Category Archives: Housing

Bedford Local Plan 2035

Bedford Borough Council is preparing a local plan that will set out how much growth there should be in the borough in coming years (housing, jobs and associated infrastructure) and where it should take place. Current planning policy documents look up to 2021 and the new local plan will extend that period up to 2035. It will also include policies that will be used to make decisions on planning applications.

The Council has asked for comments on the consultation paper it has issued about the new plan, together with a number of supporting evidence documents. The consultation period ends on 9 June 2017.

In the Borough Council’s consultation paper an area of land off Gold Lane, Biddenham, and within sites numbered 29 and 691 in the documentation is shown as a potential development area at this stage: that area of land is not immediately adjacent to the village pond. But in a supporting document, the current draft Strategic Housing and Employment Land Availability Assessment (SHELAA), the whole of the land in sites 29 and 691 is shown as being suitable, available and achievable for development.

Our village pond is not served by streams or springs and relies on precipitation and run off from adjacent fields for its water, and importantly the entire area surrounding the pond is currently wildlife friendly. Developing all the land in sites 29 and 691, particularly the field to the north of and by the side of the village pond, between the pond and Duck End Lane, would have a significant and substantial practical and aesthetic impact on the pond.

It would threaten the pond’s very survival and the survival of the wide range of wildlife it supports, including rare and protected species, by adversely impacting both run off water to the pond and also the pond’s setting in the presently attractive open and wildlife friendly landscape around it, thereby reducing the scope for and ability of wildlife to migrate to and from the pond and thus the opportunity for sustainable healthy breeding through genetic diversity with other populations.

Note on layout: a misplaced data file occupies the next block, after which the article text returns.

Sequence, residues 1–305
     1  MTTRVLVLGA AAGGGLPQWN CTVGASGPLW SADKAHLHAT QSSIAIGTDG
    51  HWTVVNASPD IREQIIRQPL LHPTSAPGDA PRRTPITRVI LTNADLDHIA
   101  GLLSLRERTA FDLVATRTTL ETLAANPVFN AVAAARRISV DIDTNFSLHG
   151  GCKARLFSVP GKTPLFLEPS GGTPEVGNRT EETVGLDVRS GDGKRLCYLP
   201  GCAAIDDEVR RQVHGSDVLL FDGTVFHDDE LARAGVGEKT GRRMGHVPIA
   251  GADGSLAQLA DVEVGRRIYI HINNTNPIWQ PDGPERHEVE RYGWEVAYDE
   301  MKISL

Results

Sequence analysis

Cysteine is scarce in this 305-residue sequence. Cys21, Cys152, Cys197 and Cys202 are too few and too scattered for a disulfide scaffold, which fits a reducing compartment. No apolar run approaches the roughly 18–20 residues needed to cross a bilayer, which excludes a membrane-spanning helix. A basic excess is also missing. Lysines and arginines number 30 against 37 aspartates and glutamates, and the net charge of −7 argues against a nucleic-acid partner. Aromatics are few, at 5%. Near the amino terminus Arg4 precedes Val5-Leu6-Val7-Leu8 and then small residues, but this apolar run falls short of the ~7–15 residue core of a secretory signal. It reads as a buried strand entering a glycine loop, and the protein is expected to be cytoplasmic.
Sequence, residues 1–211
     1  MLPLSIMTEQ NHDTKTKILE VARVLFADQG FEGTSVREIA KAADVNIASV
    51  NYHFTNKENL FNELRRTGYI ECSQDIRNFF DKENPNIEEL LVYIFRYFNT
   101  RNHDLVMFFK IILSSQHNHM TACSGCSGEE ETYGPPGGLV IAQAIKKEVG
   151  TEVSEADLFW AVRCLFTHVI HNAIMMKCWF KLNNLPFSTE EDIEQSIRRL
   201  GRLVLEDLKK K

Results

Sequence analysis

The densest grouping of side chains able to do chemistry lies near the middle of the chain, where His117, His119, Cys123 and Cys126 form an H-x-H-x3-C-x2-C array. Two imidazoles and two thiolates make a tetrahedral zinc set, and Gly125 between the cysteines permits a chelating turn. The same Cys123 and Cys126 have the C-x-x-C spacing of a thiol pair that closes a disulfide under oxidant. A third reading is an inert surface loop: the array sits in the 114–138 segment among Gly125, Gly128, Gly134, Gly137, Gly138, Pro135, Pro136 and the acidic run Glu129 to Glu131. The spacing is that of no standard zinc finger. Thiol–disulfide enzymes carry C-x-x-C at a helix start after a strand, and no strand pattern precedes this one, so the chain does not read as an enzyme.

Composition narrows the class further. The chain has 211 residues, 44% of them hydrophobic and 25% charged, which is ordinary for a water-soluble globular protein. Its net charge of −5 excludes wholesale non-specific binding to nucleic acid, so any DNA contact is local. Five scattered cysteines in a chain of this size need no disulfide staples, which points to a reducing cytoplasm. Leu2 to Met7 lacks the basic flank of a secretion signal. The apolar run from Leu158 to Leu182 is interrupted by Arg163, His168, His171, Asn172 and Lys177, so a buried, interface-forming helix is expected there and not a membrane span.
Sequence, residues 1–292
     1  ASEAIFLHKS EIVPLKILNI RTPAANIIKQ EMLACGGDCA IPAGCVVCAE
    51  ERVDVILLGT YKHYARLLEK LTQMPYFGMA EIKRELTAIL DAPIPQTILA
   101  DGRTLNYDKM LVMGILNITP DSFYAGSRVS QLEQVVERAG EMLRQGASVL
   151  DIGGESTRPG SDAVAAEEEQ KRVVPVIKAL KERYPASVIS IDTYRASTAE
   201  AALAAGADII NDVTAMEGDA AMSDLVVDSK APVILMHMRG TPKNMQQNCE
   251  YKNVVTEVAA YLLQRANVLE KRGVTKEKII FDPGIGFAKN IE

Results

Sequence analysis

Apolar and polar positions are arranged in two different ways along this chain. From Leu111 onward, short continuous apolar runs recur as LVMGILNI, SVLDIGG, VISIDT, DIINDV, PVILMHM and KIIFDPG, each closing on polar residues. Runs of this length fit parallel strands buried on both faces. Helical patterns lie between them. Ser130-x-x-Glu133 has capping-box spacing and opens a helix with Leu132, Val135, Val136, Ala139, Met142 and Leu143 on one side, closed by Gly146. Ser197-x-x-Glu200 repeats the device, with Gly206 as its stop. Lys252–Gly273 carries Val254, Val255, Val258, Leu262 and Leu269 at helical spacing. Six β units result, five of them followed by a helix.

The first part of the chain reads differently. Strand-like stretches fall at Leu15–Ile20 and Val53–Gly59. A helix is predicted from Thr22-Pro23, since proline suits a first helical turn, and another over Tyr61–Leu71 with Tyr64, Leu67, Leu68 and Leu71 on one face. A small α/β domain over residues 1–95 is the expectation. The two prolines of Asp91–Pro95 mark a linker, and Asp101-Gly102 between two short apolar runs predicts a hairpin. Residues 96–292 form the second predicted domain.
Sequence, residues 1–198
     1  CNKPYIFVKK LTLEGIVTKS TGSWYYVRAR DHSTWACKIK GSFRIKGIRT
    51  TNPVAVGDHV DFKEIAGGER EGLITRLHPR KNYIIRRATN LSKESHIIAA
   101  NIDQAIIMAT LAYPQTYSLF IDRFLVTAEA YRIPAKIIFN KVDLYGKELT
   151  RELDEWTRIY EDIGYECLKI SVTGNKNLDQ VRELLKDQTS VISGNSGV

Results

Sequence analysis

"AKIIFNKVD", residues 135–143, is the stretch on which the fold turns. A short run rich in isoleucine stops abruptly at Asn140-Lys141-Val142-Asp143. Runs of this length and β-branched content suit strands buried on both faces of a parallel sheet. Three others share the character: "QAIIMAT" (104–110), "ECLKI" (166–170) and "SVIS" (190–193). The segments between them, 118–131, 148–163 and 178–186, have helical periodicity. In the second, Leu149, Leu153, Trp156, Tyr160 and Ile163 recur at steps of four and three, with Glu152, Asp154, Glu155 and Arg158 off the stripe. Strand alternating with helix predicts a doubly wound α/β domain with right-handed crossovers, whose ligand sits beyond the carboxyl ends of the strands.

The Friends has submitted comments, in a letter to the Borough Council, concluding that given the need to protect and conserve our natural environment, not least species protected by the law, wildlife corridors, and sites of local importance, and to safeguard the future of the village pond, its wildlife and the open wildlife friendly landscape in which the pond sits, it is seeking:

  • at the very minimum, the removal from the threat of development of the field by the side of and to the north of the pond and its retention as open space, that is to its reassessment and recategorisation as land not suitable, available and achievable for development (as was categorised land to the west of that field at Stage 2 of the availability assessment); and
  • more substantially, the removal from the threat of development of the whole of the land in sites 29 and 691, south of the A4280, and its retention as open space, and similarly therefore its reassessment and recategorisation as land not suitable, available and achievable for development.

Please do support your village pond by writing to the Borough Council’s Planning Department with your comments. You can send your comments by email to planningforthefuture@bedford.gov.uk or by post to:

Local Plan 2035 consultation
Planning Policy Team
Bedford Borough Council
Borough Hall
Bedford
MK42 9AP

Thank you.

The Biddenham Society – Houses, houses, everywhere

You may have read in the pre-Christmas press of the government’s ambitious plans for the Oxford to Cambridge corridor in which Bedford sits squarely in the middle. An expressway is to be built to speed up road transport, and there is even talk of recreating a train route between the two university cities.  However, even if the funds can be found to complete the line from Oxford to Bedford the prospect of continuing the link to Cambridge must be a bit of a pipe dream. And anyway, if there is an expressway how many are likely to abandon the car or the X5 to pay through the nose to join a one carriage train stopping at loads of country halts?

Nevertheless, good news for Bedfordshire and Bedford.  Or is it?

We can of course wax lyrical about being at the hub of a world-leading technological corridor, and I expect it will be great for house prices – that is if you are selling not buying.  But it will surely worsen the lot of those young people in Bedford struggling to take their first steps on the housing ladder.  It may be hard enough now, but if we become a new Silicon Valley, future parents might anticipate many more grown up children camping out with mum and dad – for ever!